Definitions

from The American Heritage® Dictionary of the English Language, 5th Edition.

  • noun A container made of interwoven material, such as rushes or twigs.
  • noun The amount that a basket can hold.
  • noun An item resembling such a container in shape or function.
  • noun A usually open gondola suspended from a hot-air balloon.
  • noun A group of related things, such as financial securities or products in a specific market.
  • noun Either of the two goals normally elevated ten feet above the floor, consisting of a metal hoop from which an open-bottomed circular net is suspended.
  • noun A field goal.
  • noun Sports A usually circular or star-shaped structure at the base of a ski pole, used to prevent the pole from sinking too deeply into the snow.

from The Century Dictionary.

  • noun A vessel made of twigs, rushes, thin strips of wood, or other flexible materials, interwoven in a great variety of forms, and used for many purposes.
  • noun The contents of a basket; as much as a basket will hold: as, a basket of fish.
  • noun A measure for fruit, equal in the United States to three fifths of a bushel, and in Great Britain to about two bushels.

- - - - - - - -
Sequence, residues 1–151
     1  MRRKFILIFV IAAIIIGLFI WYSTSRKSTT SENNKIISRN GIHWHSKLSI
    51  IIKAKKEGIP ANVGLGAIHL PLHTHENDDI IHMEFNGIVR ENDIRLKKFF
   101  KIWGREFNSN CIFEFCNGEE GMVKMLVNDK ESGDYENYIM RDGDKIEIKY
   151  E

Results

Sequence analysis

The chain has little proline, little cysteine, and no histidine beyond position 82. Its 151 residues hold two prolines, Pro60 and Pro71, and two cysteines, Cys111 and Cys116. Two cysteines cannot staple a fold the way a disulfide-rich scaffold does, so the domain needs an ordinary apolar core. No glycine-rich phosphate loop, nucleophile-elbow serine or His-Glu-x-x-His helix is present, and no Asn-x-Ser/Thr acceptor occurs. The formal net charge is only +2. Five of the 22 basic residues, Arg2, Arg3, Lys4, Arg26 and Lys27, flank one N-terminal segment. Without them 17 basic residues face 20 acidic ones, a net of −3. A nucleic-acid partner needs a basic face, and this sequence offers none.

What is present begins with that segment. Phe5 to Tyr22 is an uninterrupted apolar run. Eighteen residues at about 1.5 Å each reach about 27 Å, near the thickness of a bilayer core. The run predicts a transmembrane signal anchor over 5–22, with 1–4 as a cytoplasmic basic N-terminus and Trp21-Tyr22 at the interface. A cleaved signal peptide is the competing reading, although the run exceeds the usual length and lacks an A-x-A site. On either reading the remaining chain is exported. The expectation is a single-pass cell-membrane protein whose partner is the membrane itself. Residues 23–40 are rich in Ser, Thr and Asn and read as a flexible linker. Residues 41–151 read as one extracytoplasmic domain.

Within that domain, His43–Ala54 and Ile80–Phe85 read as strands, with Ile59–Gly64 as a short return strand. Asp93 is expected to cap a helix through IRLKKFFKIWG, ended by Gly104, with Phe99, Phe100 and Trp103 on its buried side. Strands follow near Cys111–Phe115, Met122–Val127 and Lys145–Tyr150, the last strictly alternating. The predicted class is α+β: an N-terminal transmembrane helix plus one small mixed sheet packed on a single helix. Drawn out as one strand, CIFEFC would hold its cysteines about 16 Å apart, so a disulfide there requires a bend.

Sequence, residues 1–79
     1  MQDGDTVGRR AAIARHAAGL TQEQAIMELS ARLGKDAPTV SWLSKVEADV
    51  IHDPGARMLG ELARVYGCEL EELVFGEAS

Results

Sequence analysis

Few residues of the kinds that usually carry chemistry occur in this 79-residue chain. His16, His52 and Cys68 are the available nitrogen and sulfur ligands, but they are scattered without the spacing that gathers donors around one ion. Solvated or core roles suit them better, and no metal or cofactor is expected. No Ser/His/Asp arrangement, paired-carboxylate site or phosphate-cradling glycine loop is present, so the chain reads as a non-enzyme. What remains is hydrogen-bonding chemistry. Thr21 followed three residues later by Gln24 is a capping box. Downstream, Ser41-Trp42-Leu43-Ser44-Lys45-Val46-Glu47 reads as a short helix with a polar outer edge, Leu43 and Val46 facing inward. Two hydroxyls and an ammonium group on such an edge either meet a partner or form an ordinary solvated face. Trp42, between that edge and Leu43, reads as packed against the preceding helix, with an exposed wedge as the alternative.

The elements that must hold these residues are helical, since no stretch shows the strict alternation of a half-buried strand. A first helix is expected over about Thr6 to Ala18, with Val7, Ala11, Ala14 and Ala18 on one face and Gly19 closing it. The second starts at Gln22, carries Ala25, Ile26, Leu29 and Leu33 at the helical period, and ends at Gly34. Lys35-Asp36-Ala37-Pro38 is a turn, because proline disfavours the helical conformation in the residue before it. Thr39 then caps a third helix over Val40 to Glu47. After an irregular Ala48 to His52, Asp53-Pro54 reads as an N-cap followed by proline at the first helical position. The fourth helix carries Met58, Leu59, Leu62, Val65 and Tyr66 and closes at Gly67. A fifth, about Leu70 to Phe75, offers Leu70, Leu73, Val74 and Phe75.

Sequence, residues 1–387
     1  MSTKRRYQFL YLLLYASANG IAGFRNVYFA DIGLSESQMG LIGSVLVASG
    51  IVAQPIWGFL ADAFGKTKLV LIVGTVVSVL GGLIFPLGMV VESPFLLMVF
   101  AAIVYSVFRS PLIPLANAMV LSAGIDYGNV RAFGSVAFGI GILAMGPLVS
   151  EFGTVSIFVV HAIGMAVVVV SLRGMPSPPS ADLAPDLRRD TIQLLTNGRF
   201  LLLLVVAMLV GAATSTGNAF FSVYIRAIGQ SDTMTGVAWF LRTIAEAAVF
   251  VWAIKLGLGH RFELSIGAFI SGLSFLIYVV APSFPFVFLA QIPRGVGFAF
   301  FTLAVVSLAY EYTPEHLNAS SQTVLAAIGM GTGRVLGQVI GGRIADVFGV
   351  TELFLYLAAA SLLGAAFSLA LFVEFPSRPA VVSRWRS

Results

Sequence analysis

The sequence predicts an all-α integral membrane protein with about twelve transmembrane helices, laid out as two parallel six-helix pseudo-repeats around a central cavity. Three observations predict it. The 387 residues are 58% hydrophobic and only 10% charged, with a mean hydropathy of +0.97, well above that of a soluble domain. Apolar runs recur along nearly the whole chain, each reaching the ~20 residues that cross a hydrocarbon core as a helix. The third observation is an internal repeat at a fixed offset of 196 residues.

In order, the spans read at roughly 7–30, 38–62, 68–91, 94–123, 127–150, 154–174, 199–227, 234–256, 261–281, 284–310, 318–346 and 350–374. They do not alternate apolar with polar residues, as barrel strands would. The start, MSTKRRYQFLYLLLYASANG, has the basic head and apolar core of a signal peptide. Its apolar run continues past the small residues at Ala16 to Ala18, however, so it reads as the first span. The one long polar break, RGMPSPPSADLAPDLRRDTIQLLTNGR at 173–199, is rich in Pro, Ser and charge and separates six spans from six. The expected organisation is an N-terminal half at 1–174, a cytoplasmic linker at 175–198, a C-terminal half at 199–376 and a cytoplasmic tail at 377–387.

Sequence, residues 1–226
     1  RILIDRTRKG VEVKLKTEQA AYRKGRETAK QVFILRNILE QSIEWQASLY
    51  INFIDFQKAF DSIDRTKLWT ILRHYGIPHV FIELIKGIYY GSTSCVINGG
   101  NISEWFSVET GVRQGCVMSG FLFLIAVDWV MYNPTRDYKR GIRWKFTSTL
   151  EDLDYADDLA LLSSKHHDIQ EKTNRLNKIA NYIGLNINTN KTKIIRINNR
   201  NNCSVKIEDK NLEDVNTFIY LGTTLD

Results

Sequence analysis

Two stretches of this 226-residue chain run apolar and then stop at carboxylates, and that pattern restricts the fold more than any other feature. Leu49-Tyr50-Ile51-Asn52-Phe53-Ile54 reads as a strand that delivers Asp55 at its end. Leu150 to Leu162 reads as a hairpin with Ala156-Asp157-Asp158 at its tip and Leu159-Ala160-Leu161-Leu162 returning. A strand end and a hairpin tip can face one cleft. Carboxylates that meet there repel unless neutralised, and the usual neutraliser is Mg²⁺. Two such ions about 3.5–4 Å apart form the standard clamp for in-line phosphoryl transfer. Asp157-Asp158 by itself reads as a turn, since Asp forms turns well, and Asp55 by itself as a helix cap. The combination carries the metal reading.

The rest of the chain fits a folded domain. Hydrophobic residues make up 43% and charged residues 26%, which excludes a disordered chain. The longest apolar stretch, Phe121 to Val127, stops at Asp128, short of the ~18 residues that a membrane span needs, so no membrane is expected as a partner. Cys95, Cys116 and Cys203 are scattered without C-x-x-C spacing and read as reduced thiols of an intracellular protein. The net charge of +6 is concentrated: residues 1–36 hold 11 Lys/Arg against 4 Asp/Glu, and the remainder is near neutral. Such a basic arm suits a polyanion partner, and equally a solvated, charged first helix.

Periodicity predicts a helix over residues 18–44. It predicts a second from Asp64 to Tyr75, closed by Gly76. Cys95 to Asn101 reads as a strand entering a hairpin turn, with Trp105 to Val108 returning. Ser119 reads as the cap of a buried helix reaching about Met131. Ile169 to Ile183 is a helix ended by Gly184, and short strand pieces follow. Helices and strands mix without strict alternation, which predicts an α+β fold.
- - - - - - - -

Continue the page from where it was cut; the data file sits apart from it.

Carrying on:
• noun Figuratively, that which is gathered or placed in a basket or baskets; provision for sustenance or use.
  • noun In old stage-coaches, the two outside seats facing each other behind.
  • noun In hat-making, a wickerwork or wire screen of an oval shape, for receiving the filaments of hair which are deposited on it in the operation of bowing.
  • noun Milit., a gabion (which see).
  • noun A protection of wickerwork for the handle of a sword-stick.
  • noun In architecture, the echinus or bell of the Corinthian capital, denuded of its acanthus-leaves.
  • noun In ichthyology, the gill-support in the lamprey (Petromyzon).
  • To put in a basket.
  • To cover or protect with basketwork.

from the GNU version of the Collaborative International Dictionary of English.

  • transitive verb rare To put into a basket.
  • noun A vessel made of osiers or other twigs, cane, rushes, splints, or other flexible material, interwoven.
  • noun The contents of a basket; as much as a basket contains.
  • noun (Arch.), Improperly so used. The bell or vase of the Corinthian capital.
  • noun engraving The two back seats facing one another on the outside of a stagecoach.